Website-Carnesha Johnson-Scholarship-Spotlight

Scholar Spotlight: Carnesha Johnson

June 18, 2024

Her grandmother was her heart and soul, her best friend, and the one who taught her how to be a woman and a mom. When Carnesha Johnson lost her grandmother two years ago to Covid-19, she experienced a time of intense grief and, ironically, intense motivation. She committed to getting her GED and started her educational journey to become an occupational therapy assistant.

“I love to help people and my goal is to graduate with my degree and work in the geriatric community,” Carnesha said. “I want to help people regain activity, especially those recovering from strokes.”

The mother of two children, a twelve-year old son and an eight-year-old daughter, Carnesha knows what it means to work hard to reach her goals. To support her family, she has worked in the fast-food, retail, hospital, and home health industries. While earning money was her main objective, the thought of going back to school was never far from her mind. Neither was her grandmother.

“When the pandemic hit, I had a few home health clients in their nineties who I would sit with and listen to their stories,” she recalled. “And then when I got off work, I called my Grandma.”

Considered a non-traditional student due to beginning college in her late thirties, Carnesha learned about The Chatfield Edge while attending Cincinnati State. After meeting with Program Director, David Hesson, and her mentor, Dr. Jeff Bauer, she felt extra motivation kicking in.

“A lot of people want to see me win. David checks in on me and I know I can call on my mentor anytime,” she said. “I go from being in school to doing field work in hospitals to being a mom and sometimes I need support.” She believes that her connection to The Chatfield Edge has helped her realize that she’s not the only one out there who is starting school at a later age and sometimes needs extra support.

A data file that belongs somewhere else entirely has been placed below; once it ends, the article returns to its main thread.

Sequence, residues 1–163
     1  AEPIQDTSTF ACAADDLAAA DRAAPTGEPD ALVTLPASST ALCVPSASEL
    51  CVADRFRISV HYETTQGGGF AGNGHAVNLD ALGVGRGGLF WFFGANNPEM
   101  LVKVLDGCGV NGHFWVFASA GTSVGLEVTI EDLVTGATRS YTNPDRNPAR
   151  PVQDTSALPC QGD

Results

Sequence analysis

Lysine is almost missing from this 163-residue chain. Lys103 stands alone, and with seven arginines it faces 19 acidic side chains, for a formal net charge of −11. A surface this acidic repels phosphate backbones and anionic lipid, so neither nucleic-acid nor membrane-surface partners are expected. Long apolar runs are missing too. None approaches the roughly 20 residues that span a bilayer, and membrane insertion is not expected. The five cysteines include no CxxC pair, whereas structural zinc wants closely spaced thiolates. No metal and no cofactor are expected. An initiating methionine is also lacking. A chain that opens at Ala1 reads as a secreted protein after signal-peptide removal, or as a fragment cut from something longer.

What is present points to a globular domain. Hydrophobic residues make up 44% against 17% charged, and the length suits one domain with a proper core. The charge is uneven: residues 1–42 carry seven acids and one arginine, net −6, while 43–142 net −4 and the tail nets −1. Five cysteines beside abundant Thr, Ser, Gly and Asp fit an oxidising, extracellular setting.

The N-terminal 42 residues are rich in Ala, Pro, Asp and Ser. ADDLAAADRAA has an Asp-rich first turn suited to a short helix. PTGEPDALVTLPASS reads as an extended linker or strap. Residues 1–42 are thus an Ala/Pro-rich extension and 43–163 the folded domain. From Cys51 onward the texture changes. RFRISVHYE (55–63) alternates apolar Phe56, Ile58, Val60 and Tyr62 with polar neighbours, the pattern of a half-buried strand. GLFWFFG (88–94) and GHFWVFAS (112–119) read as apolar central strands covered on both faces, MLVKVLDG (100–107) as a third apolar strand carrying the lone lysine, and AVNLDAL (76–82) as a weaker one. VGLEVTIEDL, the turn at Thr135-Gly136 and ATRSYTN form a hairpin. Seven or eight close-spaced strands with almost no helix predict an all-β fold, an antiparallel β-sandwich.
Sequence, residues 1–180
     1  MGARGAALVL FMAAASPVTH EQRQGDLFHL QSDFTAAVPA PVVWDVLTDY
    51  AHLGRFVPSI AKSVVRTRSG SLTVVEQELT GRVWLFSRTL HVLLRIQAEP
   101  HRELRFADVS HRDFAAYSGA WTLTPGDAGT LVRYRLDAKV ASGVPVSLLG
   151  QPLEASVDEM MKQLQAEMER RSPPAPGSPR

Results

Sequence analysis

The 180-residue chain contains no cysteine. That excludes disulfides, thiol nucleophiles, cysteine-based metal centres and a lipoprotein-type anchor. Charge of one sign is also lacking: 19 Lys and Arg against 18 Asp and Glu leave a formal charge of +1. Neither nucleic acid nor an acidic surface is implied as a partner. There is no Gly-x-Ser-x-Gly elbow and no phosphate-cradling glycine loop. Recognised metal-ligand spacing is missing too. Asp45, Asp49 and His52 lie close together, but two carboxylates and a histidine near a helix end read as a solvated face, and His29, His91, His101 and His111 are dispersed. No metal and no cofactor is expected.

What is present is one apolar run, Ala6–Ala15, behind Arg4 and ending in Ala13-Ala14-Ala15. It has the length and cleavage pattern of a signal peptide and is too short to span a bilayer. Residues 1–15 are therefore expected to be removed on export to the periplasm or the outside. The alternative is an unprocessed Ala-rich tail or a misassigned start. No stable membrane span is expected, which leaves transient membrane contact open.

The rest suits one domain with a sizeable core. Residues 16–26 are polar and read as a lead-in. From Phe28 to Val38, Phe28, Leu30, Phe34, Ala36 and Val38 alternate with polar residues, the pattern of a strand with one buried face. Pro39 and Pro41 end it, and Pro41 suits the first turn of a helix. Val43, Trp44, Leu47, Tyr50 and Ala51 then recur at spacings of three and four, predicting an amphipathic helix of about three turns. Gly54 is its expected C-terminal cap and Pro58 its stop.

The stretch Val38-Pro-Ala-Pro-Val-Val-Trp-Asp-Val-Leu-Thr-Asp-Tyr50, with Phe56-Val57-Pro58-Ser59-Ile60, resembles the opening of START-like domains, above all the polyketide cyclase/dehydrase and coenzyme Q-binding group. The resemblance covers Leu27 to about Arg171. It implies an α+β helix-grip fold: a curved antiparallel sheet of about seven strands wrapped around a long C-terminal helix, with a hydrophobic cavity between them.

The financial support she receives from The Chatfield Edge helps her afford necessities like the gas and expensive medical books she needs to stay in school. She is the recipient of Chatfield’s Ann E. Fender and Timothy Smith Scholarships.

Her message to other non-traditional students thinking about taking steps toward their educational goals is this: “It’s never too late to go back. I plan to be finished by the time I’m 39. It’s hard work and you must be dedicated. Don’t worry about people who tell you that you are starting too late and don’t listen to your own voices that tell you that you should have done this years ago. Just do it!  In the end you will be very proud of yourself.”

If you or someone you know is a non-traditional or first-generation student looking to further your goals through college, trade school, or a certificate program, contact David Hesson at or 513-875-3344 ext. 115. We are here to help you gain success in life through education.